Tag Archives: abuse

blog conversation: dealing with bad work experiences, part 2

yesterday we started a discussion of bad job experiences – part of a blog conversation i’m having with jacob share from the job mob.

so yesterday we set the scene – an awful, awful work environment with a boss or co-workers who make your life miserable.

what can you do about it?

here are the first steps back to career health that i’ve helped some clients take:

phase I – resign

  • if you’re still in that horrible environment and you’ve tried a few things to make it better – get out. if your boss or abusiv coworker walks like a monster, talks like a monster and quacks like a monster – guess what, she’s a monster! (well, probably not – but then you’re not his therapist; it’s not your job to help bring out the angel in that person) get away from the job, even if it’s going to cost you a few weeks’ worth of wages.

phase II – recovery

  • once you’re out of that environment, do whatever you need to do to bring your mental and physical health up to speed. if this takes you a few weeks – so be it. dedicate yourself to it. i’ve seen too many people say, “oh no, i can’t afford to go away for a few days/join a gym/catch up on my sleep because i need to look for another job.” jumping immediately back into the labour pool without replenishing your resources hugely increases your chances at landing yet another bad job.

phase III – resources

  • figure out what your values are, especially your social values. your values are a resource; something that helps you live well. most people who find themselves in difficult work environments don’t use this resource very well. questions are, what role does respect play, and how can you tell you’re respected? what type of personal boundaries do you need? which of your values are non-negotiable?
  • make an inventory of your assets. what skills, experience, knowledge, talents and attitudes do you enjoy using at work? in this phase, it’s really important to focus on that. never mind what you’re not so good at (i bet your old boss was very good at pointing that out) – what are you good at? what makes your heart sing?

let’s hear it from you – have you had bad jobs? did you recover from them? what were your first steps towards a better work environment?

i’m looking forward to what you, gentle readers, have to say about it, as well as jacob’s reply. in future posts, we’ll also talk about the last three phases: research, re-apply and results.

(go here for the next instalment)

blog conversation: dealing with bad work experiences

what was the worst job you’ve ever had? what are ways of surviving that experience – and not just surviving but learning from it and thriving in the next job?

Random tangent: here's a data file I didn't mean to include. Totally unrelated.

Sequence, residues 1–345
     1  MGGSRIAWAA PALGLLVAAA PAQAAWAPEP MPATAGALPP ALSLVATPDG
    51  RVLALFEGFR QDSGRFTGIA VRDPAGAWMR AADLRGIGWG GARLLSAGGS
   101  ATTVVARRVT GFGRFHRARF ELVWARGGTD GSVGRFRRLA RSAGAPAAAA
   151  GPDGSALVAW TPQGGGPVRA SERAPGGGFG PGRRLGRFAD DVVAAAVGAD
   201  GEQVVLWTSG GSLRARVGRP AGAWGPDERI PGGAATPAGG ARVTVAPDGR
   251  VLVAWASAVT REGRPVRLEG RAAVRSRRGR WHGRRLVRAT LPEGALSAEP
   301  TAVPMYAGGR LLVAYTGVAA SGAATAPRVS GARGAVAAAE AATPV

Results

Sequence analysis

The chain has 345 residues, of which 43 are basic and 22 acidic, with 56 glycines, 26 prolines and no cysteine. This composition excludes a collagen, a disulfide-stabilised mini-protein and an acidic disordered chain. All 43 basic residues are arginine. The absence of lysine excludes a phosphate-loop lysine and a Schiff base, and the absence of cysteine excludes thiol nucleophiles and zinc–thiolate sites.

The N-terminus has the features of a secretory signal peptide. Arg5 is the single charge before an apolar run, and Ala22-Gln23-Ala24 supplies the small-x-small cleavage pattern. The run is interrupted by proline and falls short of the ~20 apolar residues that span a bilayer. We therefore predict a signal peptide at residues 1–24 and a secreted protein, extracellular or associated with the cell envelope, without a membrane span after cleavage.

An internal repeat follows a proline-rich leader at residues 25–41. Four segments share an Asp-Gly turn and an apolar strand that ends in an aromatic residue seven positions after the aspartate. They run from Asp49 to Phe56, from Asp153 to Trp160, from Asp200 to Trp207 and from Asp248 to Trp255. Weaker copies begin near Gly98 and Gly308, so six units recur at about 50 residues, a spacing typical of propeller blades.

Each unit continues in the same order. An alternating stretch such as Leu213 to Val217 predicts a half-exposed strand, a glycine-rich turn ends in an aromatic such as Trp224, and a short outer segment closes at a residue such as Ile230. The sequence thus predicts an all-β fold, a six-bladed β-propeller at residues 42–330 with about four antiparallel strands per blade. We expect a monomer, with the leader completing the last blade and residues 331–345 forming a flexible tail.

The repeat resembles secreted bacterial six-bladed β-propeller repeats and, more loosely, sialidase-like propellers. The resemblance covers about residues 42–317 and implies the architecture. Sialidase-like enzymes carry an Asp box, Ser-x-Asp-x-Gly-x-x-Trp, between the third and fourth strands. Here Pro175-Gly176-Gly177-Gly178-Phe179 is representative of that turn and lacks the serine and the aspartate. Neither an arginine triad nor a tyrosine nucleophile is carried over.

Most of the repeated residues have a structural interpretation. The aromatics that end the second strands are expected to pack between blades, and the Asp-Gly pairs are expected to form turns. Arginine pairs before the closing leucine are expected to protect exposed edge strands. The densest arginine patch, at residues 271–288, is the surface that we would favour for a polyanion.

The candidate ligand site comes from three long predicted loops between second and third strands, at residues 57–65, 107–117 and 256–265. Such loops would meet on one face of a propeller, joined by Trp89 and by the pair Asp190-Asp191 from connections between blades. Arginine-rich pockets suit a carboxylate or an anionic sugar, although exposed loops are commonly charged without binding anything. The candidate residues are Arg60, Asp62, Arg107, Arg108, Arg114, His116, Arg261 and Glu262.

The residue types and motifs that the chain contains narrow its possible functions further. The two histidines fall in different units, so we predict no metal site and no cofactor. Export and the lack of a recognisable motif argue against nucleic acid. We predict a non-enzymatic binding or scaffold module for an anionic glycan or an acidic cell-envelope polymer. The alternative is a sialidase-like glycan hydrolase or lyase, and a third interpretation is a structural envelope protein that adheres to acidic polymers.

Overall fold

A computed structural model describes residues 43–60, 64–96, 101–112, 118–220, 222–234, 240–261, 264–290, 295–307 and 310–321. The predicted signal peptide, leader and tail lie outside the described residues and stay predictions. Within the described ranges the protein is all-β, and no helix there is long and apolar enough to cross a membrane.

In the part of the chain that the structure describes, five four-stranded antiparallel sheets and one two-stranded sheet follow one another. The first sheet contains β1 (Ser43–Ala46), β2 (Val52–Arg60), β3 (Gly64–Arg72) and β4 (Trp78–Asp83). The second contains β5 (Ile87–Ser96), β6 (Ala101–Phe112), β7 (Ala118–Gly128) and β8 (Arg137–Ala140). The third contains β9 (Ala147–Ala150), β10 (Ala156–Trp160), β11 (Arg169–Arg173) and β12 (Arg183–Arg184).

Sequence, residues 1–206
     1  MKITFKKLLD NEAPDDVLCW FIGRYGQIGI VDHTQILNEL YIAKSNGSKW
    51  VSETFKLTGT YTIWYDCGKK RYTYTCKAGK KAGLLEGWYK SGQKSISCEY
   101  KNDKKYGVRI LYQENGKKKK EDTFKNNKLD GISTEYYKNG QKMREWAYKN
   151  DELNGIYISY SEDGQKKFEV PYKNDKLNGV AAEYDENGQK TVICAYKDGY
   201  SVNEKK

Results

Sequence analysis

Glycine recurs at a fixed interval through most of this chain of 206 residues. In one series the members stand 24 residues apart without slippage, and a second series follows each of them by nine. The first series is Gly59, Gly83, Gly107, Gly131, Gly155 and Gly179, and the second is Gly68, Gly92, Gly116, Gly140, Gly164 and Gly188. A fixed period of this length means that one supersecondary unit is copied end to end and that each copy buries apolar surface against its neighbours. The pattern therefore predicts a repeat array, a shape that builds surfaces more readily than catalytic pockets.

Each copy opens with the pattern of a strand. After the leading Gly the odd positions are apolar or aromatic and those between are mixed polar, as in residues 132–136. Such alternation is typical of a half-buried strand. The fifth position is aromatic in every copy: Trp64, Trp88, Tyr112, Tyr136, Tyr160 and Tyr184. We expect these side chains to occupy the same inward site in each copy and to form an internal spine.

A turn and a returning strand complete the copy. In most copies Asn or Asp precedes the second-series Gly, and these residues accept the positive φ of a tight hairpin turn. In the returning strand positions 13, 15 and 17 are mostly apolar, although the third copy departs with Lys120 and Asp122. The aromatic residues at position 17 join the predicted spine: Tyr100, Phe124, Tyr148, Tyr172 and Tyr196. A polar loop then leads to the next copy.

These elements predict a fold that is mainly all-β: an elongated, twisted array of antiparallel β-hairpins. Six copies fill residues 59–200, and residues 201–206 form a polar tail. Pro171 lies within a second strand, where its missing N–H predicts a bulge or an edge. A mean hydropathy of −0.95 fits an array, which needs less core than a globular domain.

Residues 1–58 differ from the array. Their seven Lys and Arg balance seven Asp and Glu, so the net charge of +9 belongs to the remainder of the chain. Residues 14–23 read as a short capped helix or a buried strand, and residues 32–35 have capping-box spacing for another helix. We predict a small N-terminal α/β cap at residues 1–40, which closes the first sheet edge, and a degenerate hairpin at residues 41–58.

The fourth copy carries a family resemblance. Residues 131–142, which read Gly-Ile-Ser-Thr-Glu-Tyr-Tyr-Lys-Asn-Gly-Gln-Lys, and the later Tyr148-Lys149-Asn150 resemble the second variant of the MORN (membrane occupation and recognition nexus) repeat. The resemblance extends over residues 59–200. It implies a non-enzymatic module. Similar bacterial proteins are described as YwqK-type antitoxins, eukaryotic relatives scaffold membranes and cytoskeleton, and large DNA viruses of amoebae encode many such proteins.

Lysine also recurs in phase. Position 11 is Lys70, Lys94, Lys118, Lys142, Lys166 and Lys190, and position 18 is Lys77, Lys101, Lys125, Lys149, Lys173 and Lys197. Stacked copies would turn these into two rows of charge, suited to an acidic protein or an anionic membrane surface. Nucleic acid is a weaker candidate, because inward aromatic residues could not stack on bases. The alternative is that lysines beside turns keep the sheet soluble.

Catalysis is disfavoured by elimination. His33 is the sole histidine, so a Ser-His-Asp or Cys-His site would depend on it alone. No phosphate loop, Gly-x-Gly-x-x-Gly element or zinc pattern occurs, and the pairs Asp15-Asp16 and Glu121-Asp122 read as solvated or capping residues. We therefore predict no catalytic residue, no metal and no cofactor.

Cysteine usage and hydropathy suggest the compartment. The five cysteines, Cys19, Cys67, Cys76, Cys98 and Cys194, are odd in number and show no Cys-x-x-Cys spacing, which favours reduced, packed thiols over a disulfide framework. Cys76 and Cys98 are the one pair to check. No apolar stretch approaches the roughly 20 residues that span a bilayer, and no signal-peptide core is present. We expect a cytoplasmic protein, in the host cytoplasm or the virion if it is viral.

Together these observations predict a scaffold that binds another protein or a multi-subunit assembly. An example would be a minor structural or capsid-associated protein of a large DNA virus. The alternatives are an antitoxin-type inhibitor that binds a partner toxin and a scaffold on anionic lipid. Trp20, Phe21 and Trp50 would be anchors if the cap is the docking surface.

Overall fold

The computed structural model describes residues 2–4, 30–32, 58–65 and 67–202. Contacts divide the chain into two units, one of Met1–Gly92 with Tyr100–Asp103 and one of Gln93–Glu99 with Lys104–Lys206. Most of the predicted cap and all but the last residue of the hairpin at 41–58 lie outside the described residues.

that’s the topic of a blog conversation jacob from the job mob and i will be having in the next little while. jacob started it off in his post recovering from bad work experiences by mentioning a few very unpleasant work situations, for example

  • being yelled at by a receptionist for daring to follow up after sending over a CV
  • told 7 months in advance that i was going to be laid off
  • sitting in a tense meeting listening to one executive berate another one

these experiences leave a bad taste in your mouth, even if they happen only once. i remember once being bullied to tears at a meeting; it took me quite a while to get over that.

angry man

it’s even worse when these things happen on a consistent basis. being yelled at is a good example – i can’t tell you how many clients i’ve had who have told me that their supervisor raised his or her voice at them on a regular basis, like a few times a week.

consistently being asked to carry out a boss’s personal tasks and effectively being treated like a servant seems to be high on the list, too. (i once had a job where i was asked to take out the owner’s poodle. to this day i’m grateful i was fired from that job).

and the list goes on …

staying in these work situations is often like staying in a bad marriage. you try and try and try and it doesn’t get better. best case scenario, you learn to live with it. worst case scenario, you end up traumatized the same way people get traumatized by an abusive spouse. and i’d say that even the best case scenario is still pretty lousy.

how do you deal with the fallout, then? how do you get back your self confidence, enthusiasm and motivation so that you can look for better work, don’t go back to yet another bad experience and enjoy your next position?

we’ll talk about that tomorrow.

(image courtesy of orange_beard)
(this post appears in the carnival of life editing and  the december career and job advice blog carnival)